The stories behind most true crime books come from the investigators or the journalists who became obsessed with the case. Tragically, most of the time, the victims aren’t able to have a voice of their own. That’s not the case with these seven true crime books about victims who escaped their captors. They lived to tell these incredible tales of survival. Read about their stories, and those of their captors, in these seven true crime books.
Thanks to an incredibly brave young woman, the crimes of serial killer Robert Hansen would not go unpunished. Seventeen-year-old Cindy Paulson escaped from Hansen after he pulled a gun on her in his car. She flagged down a passing vehicle and made it to the police. Though he initially evaded justice, a criminal profile developed with the help of Paulson allowed police to get a search warrant for Hansen’s place, which revealed a map of his victims. Hansen eventually confessed to his crimes: the rape of over 30 women and the murder of 17.
Related: Unsolved Murder: Did Alaskan Serial Killer Robert Hansen Kill Beth van Zanten?
Fred & Rose
One of the most depraved couples in all of true crime history, Fred and Rosemary West made victims of their own children. The married couple committed at least ten murders that authorities are now aware of, including that of their own daughter, Heather. When their 13-year-old daughter confided in a friend that her father had raped her, the friend’s mother went to the police. After telling her story to the authorities, investigators were shocked to discover the remains of six of the duo’s victims in the cellar and buried in the garden of their “House of Horrors” in Gloucester.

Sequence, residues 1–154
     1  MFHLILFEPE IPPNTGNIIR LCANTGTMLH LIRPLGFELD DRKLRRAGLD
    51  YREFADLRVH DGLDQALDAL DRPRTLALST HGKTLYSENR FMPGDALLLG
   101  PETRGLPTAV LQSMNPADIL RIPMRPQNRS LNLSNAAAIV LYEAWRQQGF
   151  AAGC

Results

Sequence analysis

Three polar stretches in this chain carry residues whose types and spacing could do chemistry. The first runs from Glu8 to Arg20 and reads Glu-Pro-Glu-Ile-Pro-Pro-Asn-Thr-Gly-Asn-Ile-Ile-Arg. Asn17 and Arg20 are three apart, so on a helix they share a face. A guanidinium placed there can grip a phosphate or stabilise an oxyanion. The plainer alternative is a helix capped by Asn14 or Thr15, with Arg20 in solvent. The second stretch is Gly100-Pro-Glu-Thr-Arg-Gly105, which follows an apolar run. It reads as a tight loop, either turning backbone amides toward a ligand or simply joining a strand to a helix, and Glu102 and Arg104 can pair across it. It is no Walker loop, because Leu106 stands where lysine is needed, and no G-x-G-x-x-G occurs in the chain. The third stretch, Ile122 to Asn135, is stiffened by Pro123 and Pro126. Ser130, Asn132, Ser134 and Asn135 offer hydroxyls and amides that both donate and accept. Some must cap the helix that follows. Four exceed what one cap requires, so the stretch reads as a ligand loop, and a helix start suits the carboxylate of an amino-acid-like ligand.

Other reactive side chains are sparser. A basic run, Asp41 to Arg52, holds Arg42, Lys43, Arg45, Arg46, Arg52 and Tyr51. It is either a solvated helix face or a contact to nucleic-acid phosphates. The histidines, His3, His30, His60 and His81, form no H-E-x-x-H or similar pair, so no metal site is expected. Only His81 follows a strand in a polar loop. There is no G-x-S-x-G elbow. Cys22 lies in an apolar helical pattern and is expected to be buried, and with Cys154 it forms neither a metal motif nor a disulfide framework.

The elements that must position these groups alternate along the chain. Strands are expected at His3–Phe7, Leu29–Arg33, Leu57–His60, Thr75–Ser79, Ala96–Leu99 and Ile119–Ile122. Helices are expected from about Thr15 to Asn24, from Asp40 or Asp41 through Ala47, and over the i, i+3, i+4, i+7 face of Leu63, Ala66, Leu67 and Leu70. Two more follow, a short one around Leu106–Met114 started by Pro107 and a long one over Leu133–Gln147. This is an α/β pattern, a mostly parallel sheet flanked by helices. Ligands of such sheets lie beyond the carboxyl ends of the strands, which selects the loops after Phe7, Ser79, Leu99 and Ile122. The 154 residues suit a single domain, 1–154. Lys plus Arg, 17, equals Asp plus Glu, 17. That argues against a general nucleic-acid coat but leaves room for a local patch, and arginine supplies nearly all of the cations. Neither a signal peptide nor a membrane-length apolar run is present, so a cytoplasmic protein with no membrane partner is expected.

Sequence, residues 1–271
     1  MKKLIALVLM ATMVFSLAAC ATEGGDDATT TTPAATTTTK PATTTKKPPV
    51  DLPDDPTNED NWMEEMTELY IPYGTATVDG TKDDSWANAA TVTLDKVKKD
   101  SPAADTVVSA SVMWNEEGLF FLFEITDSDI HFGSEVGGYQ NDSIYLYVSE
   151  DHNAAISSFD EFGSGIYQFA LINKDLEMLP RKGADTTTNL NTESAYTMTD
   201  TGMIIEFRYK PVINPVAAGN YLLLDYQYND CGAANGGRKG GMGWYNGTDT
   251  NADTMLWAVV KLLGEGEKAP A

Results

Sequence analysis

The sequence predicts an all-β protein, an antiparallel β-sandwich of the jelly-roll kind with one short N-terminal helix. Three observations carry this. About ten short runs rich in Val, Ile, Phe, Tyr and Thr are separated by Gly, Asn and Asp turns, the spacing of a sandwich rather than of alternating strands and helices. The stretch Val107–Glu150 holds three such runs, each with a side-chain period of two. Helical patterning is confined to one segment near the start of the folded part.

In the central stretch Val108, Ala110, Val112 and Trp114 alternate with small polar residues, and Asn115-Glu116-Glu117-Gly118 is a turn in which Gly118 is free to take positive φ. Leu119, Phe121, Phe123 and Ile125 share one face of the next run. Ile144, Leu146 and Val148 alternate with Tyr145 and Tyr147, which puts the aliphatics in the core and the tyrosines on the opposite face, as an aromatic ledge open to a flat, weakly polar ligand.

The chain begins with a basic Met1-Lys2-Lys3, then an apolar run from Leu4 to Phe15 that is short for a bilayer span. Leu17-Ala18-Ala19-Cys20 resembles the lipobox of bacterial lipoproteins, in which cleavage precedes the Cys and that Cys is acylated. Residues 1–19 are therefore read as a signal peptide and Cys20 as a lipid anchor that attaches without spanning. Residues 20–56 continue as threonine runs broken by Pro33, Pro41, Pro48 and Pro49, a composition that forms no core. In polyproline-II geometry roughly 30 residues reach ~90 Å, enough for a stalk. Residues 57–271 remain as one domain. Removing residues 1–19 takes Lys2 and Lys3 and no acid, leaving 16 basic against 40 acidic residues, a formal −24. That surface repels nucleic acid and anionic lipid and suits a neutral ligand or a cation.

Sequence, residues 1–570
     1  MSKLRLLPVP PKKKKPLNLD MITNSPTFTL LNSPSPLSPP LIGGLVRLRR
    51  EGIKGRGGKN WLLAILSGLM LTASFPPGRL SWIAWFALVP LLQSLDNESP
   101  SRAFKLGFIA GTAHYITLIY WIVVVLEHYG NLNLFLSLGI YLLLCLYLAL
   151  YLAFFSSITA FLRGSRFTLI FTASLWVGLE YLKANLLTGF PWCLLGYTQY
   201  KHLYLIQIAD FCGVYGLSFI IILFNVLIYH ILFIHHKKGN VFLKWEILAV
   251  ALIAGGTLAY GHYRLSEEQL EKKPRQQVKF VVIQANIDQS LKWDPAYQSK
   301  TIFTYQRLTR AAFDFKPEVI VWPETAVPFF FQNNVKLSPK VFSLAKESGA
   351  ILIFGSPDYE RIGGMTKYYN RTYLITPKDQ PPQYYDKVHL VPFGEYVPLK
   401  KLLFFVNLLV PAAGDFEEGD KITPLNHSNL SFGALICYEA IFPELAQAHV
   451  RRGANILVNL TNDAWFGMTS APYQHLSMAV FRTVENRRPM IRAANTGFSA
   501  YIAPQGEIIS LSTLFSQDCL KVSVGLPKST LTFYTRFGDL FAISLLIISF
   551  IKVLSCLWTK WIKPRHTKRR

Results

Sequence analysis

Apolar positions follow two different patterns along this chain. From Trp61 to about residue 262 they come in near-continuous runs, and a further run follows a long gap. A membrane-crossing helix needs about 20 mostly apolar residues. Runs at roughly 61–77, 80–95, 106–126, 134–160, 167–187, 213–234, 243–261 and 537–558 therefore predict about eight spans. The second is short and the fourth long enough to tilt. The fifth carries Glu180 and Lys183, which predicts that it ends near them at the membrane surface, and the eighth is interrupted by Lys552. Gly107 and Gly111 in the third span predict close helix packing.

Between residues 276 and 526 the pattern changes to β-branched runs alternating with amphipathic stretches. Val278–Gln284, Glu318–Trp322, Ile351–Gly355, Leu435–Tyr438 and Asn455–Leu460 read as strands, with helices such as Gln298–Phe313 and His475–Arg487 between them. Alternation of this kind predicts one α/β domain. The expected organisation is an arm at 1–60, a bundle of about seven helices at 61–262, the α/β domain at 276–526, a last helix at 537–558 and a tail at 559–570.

Related: House of Horrors: The Heinous Crimes of Fred and Rosemary West
Judith and Alvin Neelley were well on their way to committing their third murder, but fortunately for justice, their intended victim survived. The couple abducted Janice Chatman and John Hancock in 1982. Chatman was tortured and murdered, but while Hancock was shot, he survived. When police arrested the Neelleys, it came to light that the two had also murdered 13-year-old Lisa Ann Millican, after three days of brutal torture. They were both sentenced to death, making Judith the youngest woman ever, at 18, to receive that punishment. Alvin died in prison in 2005, and Judith’s sentence has since been commuted to life in prison.
Known as “The Serpent,” serial killer Charles Sobhraj evaded justice for years, murdering tourists all over Europe and Asia in the 1970s. But a group of French post-grads failed to become his next victims when the drugs he had given half the group took effect too quickly. Sobhraj was arrested and his accomplices told police of other murders, and he was sentenced to twelve years in prison in India. After his release, he convinced Indian authorities to let him move to France—where he lived comfortably in Paris. But in 2003, he returned to Nepal and was recognized by a journalist. He was then arrested on an outstanding warrant for murder, and subsequently convicted. Sobhraj is currently serving a life sentence in Nepal.
Now an advocate for victims’ rights, Elizabeth Smart was just 14 when she was abducted from her family’s home in 2002. Her horrific abuse at the hands of Brian David Mitchell and his wife included repeated rape and torture. In her memoir, My Story, Smart recounts the days of terror and her refusal to give up hope as she devised a plan that would eventually result in her freedom.
A Stolen Life
Jaycee Dugard was kidnapped while walking from home to a bus stop when she was just 11-years-old. For 18 years, she was kept in seclusion—her family fearing the worst. Like Elizabeth Smart, a husband and wife abducted Dugard, and during her captivity she gave birth to two children by her male captor, Philip Greg Garrido. After her escape, Dugard wanted to write her story in order to make her abductor take responsibility for what he had done to her.
In 2002, 21-year-old Michelle Knight was kidnapped by a bus driver named Ariel Castro and imprisoned in his house of horrors—eventually with two other young women. In the midst of a custody battle for her son and estranged from her family, when Michelle disappeared authorities assumed she had just taken off. In her memoir, Michelle describes the abuse, both physical and emotional, that Castro subjected her and his other victims to for over a decade, and how she was able to reclaim and rebuild her life after their escape.
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Featured photo of Elizabeth Smart: Alchetron